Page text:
News and Events at Boatwright Library
Collaborations at UR and Beyond
One of the Boatwright Memorial Library’s core values is supporting and embracing collaboration across campus and beyond. Digital projects library staff have been collaborating with the production crew of the Post Soviet Russian Resettlement Documentary Project (PSRDP) and upcoming film, Draw Back the Curtain, and supporting Professors Laura Browder and Elizabeth Schlatter with their cross-listed American Studies and Museum Studies course, Exhibiting Russian Jewish History in Richmond, Virginia.
Library staff and student employees have been digitizing documents, published materials, and photos from Jewish Family Services, Beth Ahaba Museum and Archives, and from individuals and families who immigrated to Richmond. Along with providing high-resolution images for use in the film and exhibits, digital projects staff members have provided guidance and support with efforts to collect, record and organize metadata. It has been both inspiring and gratifying to work on such an important project; one that has united University of Richmond alumni/alumnae, students, faculty, staff and members of the greater Richmond community in an effort to illuminate a lesser known aspect of our own local history.
The project will culminate in museum exhibitions and a full-length documentary film. For a preview, please register for the upcoming In Common program, co-sponsored by Boatwright Memorial Library and the Center for Civic Engagement: Vodka, Matzah, and Grits. For more information about the project, check out the PSRDP's Facebook and Twitter Feed.
Ghosts, Mesmerism, and DickensFrom an early age, Charles Dickens was fascinated by all things paranormal. He pored over tales of the phantoms, murder, and cannibalism. Later, he belonged to London’s famous Ghost Club that investigates ghosts and hauntings to this day. (Arthur Conan Doyle was a member, too.) Dickens was also a believer in the benefits of mesmerism, a fairly new and controversial therapy that he practiced on family and friends to some success.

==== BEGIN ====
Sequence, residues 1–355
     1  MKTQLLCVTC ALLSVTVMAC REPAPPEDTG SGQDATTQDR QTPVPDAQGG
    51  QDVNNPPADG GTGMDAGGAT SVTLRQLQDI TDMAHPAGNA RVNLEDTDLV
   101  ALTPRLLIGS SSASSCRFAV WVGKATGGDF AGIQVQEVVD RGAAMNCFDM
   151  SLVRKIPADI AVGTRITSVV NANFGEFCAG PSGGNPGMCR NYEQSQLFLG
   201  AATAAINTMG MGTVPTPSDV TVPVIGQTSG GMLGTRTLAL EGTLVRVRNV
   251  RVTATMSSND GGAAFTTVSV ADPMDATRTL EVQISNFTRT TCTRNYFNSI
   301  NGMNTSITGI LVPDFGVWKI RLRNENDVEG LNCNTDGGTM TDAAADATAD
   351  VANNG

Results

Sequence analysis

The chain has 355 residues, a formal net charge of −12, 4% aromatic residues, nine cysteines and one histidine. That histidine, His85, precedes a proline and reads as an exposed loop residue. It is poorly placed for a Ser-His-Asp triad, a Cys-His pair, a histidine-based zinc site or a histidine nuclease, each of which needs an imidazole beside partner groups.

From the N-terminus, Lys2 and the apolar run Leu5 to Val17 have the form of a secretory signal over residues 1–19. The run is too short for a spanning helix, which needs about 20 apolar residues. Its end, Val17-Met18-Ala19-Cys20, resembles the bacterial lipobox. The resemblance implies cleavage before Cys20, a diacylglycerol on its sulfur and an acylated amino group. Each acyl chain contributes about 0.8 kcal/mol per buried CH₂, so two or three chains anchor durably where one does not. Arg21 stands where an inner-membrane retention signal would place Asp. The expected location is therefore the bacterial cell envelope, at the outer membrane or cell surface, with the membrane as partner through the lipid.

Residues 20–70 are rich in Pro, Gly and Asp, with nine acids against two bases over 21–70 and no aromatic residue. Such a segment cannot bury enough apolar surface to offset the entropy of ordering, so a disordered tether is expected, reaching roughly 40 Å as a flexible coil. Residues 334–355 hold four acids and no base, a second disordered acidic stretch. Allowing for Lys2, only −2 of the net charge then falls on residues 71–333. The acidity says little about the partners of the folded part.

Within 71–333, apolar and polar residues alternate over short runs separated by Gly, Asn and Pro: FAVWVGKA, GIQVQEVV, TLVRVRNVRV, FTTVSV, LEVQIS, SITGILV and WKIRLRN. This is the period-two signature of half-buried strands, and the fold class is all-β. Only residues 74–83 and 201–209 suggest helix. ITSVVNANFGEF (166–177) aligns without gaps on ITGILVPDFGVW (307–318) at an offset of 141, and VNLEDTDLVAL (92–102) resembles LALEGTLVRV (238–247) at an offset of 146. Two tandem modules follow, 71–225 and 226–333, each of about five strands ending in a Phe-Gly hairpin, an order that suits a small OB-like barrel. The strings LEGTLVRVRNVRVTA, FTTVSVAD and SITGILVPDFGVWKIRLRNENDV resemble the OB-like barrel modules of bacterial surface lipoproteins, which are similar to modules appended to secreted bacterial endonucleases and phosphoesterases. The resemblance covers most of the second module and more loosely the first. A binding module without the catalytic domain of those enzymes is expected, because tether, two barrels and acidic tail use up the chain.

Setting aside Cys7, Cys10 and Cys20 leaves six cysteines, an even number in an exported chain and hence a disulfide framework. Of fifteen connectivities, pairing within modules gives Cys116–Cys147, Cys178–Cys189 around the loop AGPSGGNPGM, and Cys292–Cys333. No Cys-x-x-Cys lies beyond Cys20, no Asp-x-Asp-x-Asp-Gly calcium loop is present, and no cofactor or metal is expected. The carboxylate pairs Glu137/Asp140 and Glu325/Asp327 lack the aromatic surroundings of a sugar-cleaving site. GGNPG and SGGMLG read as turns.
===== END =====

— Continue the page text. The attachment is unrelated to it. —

What does this have to do with Boatwright Library? Well, in our Galvin Rare Book Room we have a book purchased from Dickens’ personal library--a two volume set of the Memoirs of Robert Houdin (Rare Book Room GV1545.R47 A4 1859a, v. 1 & 2), a French magician of great importance. If the label in the front saying, “From the Library of Charles Dickens,” isn’t enough, on page 1 of volume one, in very girlish penmanship is written “Katey Dickens”, his youngest surviving daughter’s signature.
Need more? We have original serialized copies of David Copperfield, as well as, Little Dorritt, Bleak House, and others, complete with illustrations. We also have two collections of sketches and illustrations of Dickens’ work by George Cruickshank and Thomas Sibson.
So, drop by the Galvin Rare Book Room and have a Dickens of a time! Exhibits on Dickens materials will also be available on the first floor of Boatwright during November.
-Betty Dickie, Special Collections Cataloging and Preservation Associate